Requires same conditions as Section "Brittle or Unknown Materials" above.

6. Standard Flanged Joints

Joints which consist of ANSI standard flanges bolted together may be worked on when the joint is subjected to pressures below the Maximum Operating Pressure. The Maximum Operating Pressure for a particular joint is based on the design pressure of the joint as determined by the flange rating, the material of construction, the operating temperature, and the number of bolts in the flange.

Number of Bolts Maximum Operating Pressure
1, 2, 3, 4 0 psig
6 5/8 of Design Pressure
8 3/4 of Design Pressure
10, 12 7/8 of Design Pressure
14 or more Full Design Pressure

7. Nonstandard Flanged Joints

Non-standard flanged joints such as hydraulic flanges, heat exchanger flanges, etc. may be tightened when the joint is subjected to pressures that are below the Maximum Operating Pressure. The Maximum Operating Pressure should be determined by using the table above and using the design temperature listed on the equipment drawing.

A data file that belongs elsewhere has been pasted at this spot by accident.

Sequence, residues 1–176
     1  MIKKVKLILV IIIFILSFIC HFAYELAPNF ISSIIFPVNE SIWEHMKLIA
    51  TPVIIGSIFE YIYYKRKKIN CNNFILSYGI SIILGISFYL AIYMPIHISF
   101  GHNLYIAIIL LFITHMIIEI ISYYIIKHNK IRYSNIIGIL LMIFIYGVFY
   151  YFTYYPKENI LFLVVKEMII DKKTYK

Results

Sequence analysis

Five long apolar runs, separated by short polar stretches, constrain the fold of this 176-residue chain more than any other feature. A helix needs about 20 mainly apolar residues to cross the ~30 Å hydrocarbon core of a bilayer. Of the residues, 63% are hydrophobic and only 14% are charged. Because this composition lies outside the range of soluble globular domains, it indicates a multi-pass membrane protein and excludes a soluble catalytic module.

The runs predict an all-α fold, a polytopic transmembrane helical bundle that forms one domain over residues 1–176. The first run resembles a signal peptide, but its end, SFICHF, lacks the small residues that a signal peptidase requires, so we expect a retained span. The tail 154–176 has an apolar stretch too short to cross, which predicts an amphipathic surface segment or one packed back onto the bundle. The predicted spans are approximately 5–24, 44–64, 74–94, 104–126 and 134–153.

An engineering evaluation should be conducted by a knowledgeable engineer before a lower operating temperature can be used to change the Maximum Operating Pressure.

8. Packing Glands

Packing glands such as those found on pump shafts and valve stems are designed to be routinely tightened under full design pressure. If the gland is in good structural condition and the leak does not constitute a hazard to personnel tightening the packing, this work is exempt from the requirements of this guideline. Tightening on packing glands will require authorization under this procedure if 1) structural deterioration is evident, or 2) the process material is toxic, flammable, corrosive, or explosive.